Bosh presented a prototype of very unusual smart glasses at CES 2020, but did not present them, limiting it to single interview for the most persistent journalists. The reason – based on their technology of laser drawing a dynamic image right inside the eye is quite difficult to understand (although easy to use). Thanks to it, Bosch smart glasses are lighter, more economical and comfortable than their competitors, but virtually useless for the retail segment.
Lenses of Bosh smart glasses are not screens, they are empty and clean and do not interfere with your vision. Instead, a tiny microelectromechanical mirror array transmits three lasers (red, green and blue) through a transparent holographic element. Light from this element enters the eye directly, which initially requires extremely careful adjustment of the glasses to the anatomy of the user.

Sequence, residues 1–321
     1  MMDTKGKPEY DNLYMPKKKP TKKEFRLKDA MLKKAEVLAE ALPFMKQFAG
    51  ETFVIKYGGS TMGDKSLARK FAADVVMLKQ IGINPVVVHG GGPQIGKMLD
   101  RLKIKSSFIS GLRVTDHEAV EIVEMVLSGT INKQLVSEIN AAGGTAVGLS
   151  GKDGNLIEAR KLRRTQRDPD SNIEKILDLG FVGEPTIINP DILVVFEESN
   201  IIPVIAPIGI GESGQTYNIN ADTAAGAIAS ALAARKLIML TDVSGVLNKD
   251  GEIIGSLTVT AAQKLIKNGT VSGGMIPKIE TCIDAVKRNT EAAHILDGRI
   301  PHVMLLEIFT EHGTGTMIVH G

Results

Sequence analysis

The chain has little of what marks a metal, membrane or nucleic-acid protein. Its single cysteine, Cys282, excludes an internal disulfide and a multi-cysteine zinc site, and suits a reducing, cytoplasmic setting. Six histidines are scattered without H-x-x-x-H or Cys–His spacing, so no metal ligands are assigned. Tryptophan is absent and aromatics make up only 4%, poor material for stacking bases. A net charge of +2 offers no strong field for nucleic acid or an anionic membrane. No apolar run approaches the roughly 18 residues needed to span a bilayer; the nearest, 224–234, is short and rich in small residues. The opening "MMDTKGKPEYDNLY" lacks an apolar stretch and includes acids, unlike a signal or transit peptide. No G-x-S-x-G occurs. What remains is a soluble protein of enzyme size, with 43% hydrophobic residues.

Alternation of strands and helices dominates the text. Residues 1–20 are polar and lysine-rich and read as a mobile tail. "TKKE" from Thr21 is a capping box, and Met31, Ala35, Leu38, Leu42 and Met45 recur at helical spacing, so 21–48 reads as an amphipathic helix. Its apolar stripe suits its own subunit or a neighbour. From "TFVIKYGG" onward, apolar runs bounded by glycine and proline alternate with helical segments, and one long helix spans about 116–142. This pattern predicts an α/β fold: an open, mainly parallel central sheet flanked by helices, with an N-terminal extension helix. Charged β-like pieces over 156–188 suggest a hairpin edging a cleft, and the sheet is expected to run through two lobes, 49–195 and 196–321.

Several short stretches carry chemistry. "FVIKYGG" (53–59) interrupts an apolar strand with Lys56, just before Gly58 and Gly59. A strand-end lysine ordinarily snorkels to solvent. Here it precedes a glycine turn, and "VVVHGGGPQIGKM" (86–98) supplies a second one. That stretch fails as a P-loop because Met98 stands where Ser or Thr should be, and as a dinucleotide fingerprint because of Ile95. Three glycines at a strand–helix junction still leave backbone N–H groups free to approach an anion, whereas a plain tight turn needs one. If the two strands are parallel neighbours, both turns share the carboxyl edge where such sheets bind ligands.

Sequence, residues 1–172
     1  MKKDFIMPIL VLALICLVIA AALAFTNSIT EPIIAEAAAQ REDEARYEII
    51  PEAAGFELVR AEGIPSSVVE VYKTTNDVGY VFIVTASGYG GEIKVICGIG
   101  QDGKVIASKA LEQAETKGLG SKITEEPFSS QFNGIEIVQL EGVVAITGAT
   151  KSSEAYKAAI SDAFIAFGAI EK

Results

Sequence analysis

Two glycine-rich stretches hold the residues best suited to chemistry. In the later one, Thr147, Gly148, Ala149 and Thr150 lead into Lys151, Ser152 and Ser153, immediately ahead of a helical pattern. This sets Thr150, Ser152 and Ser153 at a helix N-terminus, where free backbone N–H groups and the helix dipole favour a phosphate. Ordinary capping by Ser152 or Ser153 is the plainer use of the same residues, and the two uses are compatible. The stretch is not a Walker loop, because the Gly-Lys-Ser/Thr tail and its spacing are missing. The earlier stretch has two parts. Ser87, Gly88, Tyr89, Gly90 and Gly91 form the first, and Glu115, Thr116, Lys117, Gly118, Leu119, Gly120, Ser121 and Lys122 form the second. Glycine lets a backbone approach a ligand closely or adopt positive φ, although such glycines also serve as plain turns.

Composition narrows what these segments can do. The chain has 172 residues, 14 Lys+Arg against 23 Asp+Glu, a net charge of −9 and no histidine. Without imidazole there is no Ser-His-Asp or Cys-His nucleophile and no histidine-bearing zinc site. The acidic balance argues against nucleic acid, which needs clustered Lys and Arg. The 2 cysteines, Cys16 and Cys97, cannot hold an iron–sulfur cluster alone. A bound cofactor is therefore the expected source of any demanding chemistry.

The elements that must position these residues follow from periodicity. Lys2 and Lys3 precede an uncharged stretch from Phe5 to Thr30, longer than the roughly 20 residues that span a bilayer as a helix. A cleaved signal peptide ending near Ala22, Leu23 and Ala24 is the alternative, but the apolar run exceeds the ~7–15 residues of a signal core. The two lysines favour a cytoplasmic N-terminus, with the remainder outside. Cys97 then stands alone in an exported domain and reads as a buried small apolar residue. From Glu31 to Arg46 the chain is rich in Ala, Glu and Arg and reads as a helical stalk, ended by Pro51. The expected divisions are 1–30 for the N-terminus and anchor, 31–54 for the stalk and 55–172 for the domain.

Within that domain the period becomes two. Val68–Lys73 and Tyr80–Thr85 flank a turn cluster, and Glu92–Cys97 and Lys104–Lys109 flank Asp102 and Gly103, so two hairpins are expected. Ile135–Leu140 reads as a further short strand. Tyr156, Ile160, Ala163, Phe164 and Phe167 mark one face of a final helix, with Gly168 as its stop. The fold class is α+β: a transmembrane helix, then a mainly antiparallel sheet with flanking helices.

Because light enters only one eye, the brain does not switch to it entirely, while still being able to see what is happening in front of the user. By default, the focal length is set at 1.3 m to make it comfortable to talk to the person you are talking to, but it is possible to adjust the focal length. For example, it is set to the optimal distance when watching a movie on the screen or riding a bike. Glasses do not track the movement of the user’s eyes – if you move your eyes around, than a virtual picture will disappear.
Technically, the new glasses are further development of the North Focals system, which has grown out of Intel Vaunt, but Bosch tells that their invention is 30% smaller and weighs only 10 grams. Integrated 350 mAh battery provides one full day’s work. Fully transparent lenses don’t interrupt interaction with the world, plus it’s almost impossible to see that these are smart glasses and that they’re active right now. Bosch is currently looking for partners who can turn technology into a commercial product.